Prep 0 mins
Cook 0 mins
This is one of the Zaar recipes that I adopted. I hope to prepare this one soon and will post any modifications that I make to the recipe.
- 1⁄4 cup onion, chopped very fine
- 1⁄4 cup celery, chopped very fine
- 1⁄4 cup bell pepper, chopped fine
- 2 tablespoons unsalted butter
- 1 teaspoon salt
- 1 teaspoon white pepper
- 3⁄4 teaspoon black pepper
- 3⁄4 teaspoon garlic, Minced
- 1⁄2 teaspoon dry mustard
- 1⁄2 teaspoon cayenne, Ground
- 4 lbs boneless beef sirloin
- In a small bowl combine the onions, celery, bell peppers, butter and seasonings, mix well.
- Place roast in a large roasting pan, fat side up.
- With a large knife make 6 to 12 deep slits in the meat (to form pockets) down to a depth of about 1/2 inch from the bottom; do not cut all the way through.
- Fill the pockets to their depths with the vegetable mixture, reserving about 1 tablespoon of the vegetables to rub over the top of the roast.
- Bake uncovered at 300F until a meat thermometer reads about 160F for medium doneness, about 3 hours.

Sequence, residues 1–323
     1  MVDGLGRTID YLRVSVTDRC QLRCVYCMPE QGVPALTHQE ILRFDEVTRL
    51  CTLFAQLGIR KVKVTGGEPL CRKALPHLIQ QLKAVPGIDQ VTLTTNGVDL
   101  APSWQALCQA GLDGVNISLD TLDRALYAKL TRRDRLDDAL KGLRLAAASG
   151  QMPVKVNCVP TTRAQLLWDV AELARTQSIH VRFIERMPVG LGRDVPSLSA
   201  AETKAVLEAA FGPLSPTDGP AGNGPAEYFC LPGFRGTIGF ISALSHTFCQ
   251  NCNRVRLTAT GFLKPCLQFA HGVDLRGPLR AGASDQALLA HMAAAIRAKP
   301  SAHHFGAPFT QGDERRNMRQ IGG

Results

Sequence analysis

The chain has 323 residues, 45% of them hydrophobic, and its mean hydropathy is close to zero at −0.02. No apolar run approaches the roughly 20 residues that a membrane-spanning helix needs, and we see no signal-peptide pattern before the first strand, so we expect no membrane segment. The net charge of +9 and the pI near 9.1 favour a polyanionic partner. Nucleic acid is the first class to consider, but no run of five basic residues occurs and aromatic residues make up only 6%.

- For rarer roast, cook until thermometer reads 140F.
- Serve immediately topped with some of the pan drippings if you like.
I made the mistake of tasting the vegetable mixture b/4 putting in the beef. I thought it was going to be too strong. I was wrong. We made roast beef sandwiches and they were great.
This was great, full of flavor and extremely juicy. The white pepper might have been a bit much for my taste and I think the amount might need to be adjusted, and a little something more for kick. The Cayenne was undetectable, and while I didn't expect blazing hot, I was expecting more of a kick. This is not a bad review, just a matter of taste. I do think that the ingredients are a great mix, but my next try, I will adjust the amounts a bit. Like another reviewer, I was surprised how crip the veggies stayed! Thanks for sharing!
Delicious! The cayenne makes this very spicy, so cut that in half if you do not want a lot of heat. (Next time we will). The flavors of the stuffing really infuses the meat and translates into the pan drippings. Add some cornstarch and water and make a basic gravy with this goodness. The veggies somehow remained nice and crisp- I was worried about them being mush, but it was all good.